When Amy Schneider became the fourth contestant in “Jeopardy!” To surpass $ 1 million in regular-season earnings on Friday, he extended his winning streak to 28 games.
It was a notable milestone for Schneider, who last month became the most successful woman on the show last month.
His victory came as long winning streaks have become more common on “Jeopardy!” – There even appear to be streaks of stripes. Earlier this season, Matt Amodio won 38 consecutive games, the second-longest career in the show’s history. The player who defeated him, Jonathan Fisher, ended up winning 11 games in a row, a rare feat in itself.
From “Jeopardy!” got rid of a rule in 2003 that limited contestants to no more than five wins in a row, only a dozen contestants have managed to win 10 or more games in a row. Half a dozen, or six streaks, have occurred in the past five years, while half of those six have occurred this season.
The winning streaks have provided some excitement and a surge in viewership ratings for a show that has struggled to pick a permanent replacement for Alex Trebek, its longtime beloved host, who died in November 2020. But they’ve also raised new questions.
Is this trend simply the result of chance? Are the contestants getting better in preparation? Have they learned to play the game? Is this a case of improvement over time, in the same way that the best runners and swimmers can break the records set by their predecessors? Could the clues possibly be getting? easier?
“Behind the scenes, we’ve spent a lot of time arguing whether this is some kind of ‘new normal’ or if we just had an unusual windfall of brilliant ‘Jeopardy!’ gamers, ”wrote Michael Davies, the show’s executive producer, in an email.
He dismissed the idea that the clues could get easier and easier.
“In fact, I think the show may get more and more difficult,” wrote Davies, noting that the topic covers an increasingly wide range of material. “Let’s face it, few people read the same books or watch the same TV shows. And we have greatly diversified the story, the cultural and pop cultural material that we expect our players to compete for. “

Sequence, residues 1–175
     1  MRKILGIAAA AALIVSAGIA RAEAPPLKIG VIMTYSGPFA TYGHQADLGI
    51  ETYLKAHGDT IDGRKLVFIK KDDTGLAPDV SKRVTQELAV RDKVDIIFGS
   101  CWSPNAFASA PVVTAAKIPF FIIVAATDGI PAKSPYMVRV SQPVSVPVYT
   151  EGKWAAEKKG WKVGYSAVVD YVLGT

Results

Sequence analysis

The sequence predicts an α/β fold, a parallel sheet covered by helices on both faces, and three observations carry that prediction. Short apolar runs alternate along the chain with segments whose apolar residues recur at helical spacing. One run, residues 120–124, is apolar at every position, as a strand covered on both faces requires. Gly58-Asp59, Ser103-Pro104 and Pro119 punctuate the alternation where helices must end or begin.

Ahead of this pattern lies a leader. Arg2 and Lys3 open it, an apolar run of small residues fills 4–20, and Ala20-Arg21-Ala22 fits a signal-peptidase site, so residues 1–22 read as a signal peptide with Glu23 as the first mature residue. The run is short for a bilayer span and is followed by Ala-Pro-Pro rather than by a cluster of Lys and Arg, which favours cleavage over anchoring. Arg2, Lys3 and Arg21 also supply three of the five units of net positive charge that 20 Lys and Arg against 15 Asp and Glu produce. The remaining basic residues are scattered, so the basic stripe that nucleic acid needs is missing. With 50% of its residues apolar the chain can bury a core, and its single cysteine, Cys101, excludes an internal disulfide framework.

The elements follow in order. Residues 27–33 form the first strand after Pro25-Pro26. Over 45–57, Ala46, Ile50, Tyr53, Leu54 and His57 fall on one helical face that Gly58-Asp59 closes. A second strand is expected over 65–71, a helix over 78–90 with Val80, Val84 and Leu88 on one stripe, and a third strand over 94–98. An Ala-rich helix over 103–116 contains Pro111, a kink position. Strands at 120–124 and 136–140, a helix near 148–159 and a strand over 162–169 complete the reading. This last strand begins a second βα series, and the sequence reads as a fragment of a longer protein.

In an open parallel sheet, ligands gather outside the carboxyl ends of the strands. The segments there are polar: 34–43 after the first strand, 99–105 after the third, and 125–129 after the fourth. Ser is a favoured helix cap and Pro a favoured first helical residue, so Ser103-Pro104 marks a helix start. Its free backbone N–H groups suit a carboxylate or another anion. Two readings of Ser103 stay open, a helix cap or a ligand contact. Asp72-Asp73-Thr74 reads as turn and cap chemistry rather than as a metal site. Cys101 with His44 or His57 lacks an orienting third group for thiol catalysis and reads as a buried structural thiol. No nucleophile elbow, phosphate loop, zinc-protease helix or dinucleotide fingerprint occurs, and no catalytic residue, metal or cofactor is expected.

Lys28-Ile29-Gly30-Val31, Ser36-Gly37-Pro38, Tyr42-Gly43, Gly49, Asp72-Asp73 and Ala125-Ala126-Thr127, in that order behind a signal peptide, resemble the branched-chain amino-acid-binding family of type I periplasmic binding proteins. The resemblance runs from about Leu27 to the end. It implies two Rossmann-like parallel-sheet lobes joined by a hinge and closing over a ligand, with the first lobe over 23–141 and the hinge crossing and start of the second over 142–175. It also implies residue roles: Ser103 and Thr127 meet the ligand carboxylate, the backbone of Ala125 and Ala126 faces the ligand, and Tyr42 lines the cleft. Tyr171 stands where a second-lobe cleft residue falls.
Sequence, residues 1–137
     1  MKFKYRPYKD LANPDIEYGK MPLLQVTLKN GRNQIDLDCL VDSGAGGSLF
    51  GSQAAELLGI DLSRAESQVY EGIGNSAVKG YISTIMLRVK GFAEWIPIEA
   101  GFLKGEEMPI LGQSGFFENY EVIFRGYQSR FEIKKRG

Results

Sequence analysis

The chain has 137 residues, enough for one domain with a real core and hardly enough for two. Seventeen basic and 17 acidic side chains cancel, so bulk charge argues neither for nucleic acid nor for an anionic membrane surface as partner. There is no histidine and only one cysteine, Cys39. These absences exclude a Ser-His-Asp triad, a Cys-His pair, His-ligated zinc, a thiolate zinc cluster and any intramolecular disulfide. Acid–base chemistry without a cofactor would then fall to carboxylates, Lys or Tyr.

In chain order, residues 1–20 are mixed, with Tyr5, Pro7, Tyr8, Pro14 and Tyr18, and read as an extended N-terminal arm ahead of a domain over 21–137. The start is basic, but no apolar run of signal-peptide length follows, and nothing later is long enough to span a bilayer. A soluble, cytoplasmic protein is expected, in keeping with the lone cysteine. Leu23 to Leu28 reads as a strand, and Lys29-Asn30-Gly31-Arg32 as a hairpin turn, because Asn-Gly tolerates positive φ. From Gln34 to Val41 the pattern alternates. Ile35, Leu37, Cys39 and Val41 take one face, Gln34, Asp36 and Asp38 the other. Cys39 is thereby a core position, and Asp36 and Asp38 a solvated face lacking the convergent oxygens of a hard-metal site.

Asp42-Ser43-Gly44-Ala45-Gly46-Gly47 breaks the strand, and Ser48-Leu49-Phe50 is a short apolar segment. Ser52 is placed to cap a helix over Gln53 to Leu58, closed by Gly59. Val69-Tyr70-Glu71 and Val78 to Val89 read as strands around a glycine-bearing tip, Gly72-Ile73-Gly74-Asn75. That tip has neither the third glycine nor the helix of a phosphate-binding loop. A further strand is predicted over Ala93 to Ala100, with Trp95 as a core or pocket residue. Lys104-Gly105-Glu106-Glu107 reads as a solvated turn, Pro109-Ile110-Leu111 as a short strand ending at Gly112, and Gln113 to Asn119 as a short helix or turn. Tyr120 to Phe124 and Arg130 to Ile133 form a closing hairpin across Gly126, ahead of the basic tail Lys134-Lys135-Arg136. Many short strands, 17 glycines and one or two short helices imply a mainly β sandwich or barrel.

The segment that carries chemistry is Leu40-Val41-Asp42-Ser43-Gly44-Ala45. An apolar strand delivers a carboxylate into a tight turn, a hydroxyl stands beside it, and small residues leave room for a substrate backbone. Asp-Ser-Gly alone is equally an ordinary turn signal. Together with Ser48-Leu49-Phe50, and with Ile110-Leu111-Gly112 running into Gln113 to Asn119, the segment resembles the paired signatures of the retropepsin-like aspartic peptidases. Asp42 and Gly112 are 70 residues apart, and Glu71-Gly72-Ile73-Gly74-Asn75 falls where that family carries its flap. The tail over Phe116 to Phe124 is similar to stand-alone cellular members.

Theories abound about the show’s recent streak of big winners. In interviews and emails, several recent champions and people who write about “Jeopardy!” and obsessively studying it offered their thoughts.
The writers and producers behind the show have spoken about various possible explanations, Davies wrote, including that contestants now have access to a host of online resources (including a fan-generated website called the J! Archive, which Schneider relied on. to prepare, which includes tracks dating back to the 1980s).
Andy Saunders, who runs The Jeopardy! Fan, the numbers have started to run and he believes the trend may be significant beyond this particular time. In a blog post on Friday, Saunders wrote that the average streak length began to increase in the 2010 and 2011 seasons, suggesting it could be the result of more intensive preparation on the part of contestants.
Some point to the influence of a star player: James Holzhauer, a professional sports bettor who won 32 games in 2019 and continues to hold the record for the most money won in a single game.
Holzhauer’s strategy – starting with the high-value tracks, looking for the Daily Doubles, and making risky bets – turned out to be a winner for him, and some contestants took note. Amodio, for example, said he copied Holzhauer’s approach of starting with the big money tracks at the bottom of the board. But Schneider has done the opposite, taking a more traditional approach that she called a “backlash. against James Holzhauer “.
Holzhauer’s view of the current trend? Product of chance.
“People always assume that everything is a paradigm shift,” wrote Holzhauer in an email, “when actually it is quite normal for the results to be clustered occasionally.”
One theory holds that the pandemic may have played a role, causing delays that increased the wait time, and potentially study time, that contestants had after being invited to compete on the show.